πŸ›£️ Roadwarden PC Review 9/10 "Endless Hordes of Shit-Throwing Apes" πŸ›£️ @AssembleTeam #GameDev #IndieGames

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Your first steps into Roadwarden’s unnamed peninsula are timid and paranoid. Anyone who’s played a dark fantasy game will steel themselves for untrustworthy inhabitants, death lurking around every corner, and your character forced into tough moral decisions for some ill-defined greater good. 

But Roadwarden soon proves to be something much more than a gloomy trudge through a sadistic world.

You play the titular Roadwarden, hired by big city merchants who want to establish trade links with an unmapped peninsula. Whichever choices you make when you begin you’ll enter this world as a seasoned adventurer with handy combat/magic skills, though you’ll quickly realize that your true ‘superpower’ is owning a horse that can outrun most foes (you get to name your horse, making ‘Binky’ my greatest asset).

You have 40 days to ingratiate yourself with the locals, convince settlements to sign on with the merchants, resolve any major conflicts or situations, and get the lay of the land. On top of that, there’s another more ominous objective. The last road warden disappeared in mysterious circumstances and you have to track him down. The problem is, while everyone was familiar with your predecessor, nobody wants to give any specifics on what happened to him.

What follows is an open-ended text-based RPG with a tangled branching path of possibilities. Cosying up to one settlement often means permanently alienating another.

Do you remain steadfast in your faith or open your arms to pagan superstitions?

Is seeking justice for victims counter to your mission of opening trade routes?

You’ll contend with all those chewy decisions, as well as a landscape teeming with unfriendly wildlife (particularly endless hordes of shit-throwing apes).

Though you start with a blank map it won’t take you long before you’ve got the basic lay of the land. The peninsula is effectively a large loop, with the rim studded with villages, inns, and places of interest. The interior is a dangerous woodland populated by monsters and bandits, and there’s always more than you think hidden just off the beaten track. 

As you explore you’ll pick up odd jobs, with your loops around the world punctuated by dropping off deliveries, clearing blockages from the road, or maybe a bit of lonely hearts matchmaking. And, surprisingly quickly, the peninsula begins to feel like home. You’ll soon become friendly with chatty innkeepers, gain the trust of the loners eking out a life in the wilderness, and ever so gradually figure out the buried past of this place.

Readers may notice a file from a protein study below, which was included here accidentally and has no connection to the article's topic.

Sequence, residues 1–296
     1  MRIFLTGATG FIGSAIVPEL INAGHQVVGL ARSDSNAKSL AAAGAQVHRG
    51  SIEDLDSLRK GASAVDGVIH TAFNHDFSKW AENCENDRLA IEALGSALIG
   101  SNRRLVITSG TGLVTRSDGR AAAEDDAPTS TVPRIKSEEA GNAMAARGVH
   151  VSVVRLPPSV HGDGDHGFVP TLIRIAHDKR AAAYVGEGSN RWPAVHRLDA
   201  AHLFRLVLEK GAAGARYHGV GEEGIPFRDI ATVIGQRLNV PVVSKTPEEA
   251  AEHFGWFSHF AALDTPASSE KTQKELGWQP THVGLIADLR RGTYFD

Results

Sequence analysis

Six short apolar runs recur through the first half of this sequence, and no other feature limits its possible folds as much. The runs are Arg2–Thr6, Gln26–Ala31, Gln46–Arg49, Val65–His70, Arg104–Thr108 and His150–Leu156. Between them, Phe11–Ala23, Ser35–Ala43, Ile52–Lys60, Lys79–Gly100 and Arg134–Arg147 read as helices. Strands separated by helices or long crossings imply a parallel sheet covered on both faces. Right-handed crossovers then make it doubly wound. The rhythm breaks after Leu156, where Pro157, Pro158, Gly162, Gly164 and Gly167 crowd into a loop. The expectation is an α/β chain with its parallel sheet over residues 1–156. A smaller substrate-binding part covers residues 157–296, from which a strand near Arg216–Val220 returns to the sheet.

It’s a wonderful world to explore full of memorable characters and scenery, so it’s a testament to the writers that almost all of this is conveyed through text. Roadwarden is full of graceful and detailed writing, often zeroing in on small elements that reveal the whole of the character.

For example, what do you read into a dishevelled man in rags wearing a pair of sturdy and well-kept boots?

Does he simply know the value of keeping his feet in good condition or have they been yanked off the arrow-filled corpse of some poor traveller?

Could this be linked to the caravan that was recently ambushed out on the roads?

I spent about 15 hours in my playthrough and, as the credits rolled, felt like I’d done fairly well. I solved the mystery of my predecessor's disappearance, fixed a handful of the peninsula’s major woes, and forged a couple of trade deals.

But, on reading other players’ experiences, I realized I’d only scratched the surface of Roadwarden. The 40-day time limit and the amount of either/or decisions make it impossible to see everything in a single playthrough and even now I can hear the lure of the road calling to me.

Maybe this time I’ll figure out what was really going on with that weird cave or learn the true name of the friendly druid.

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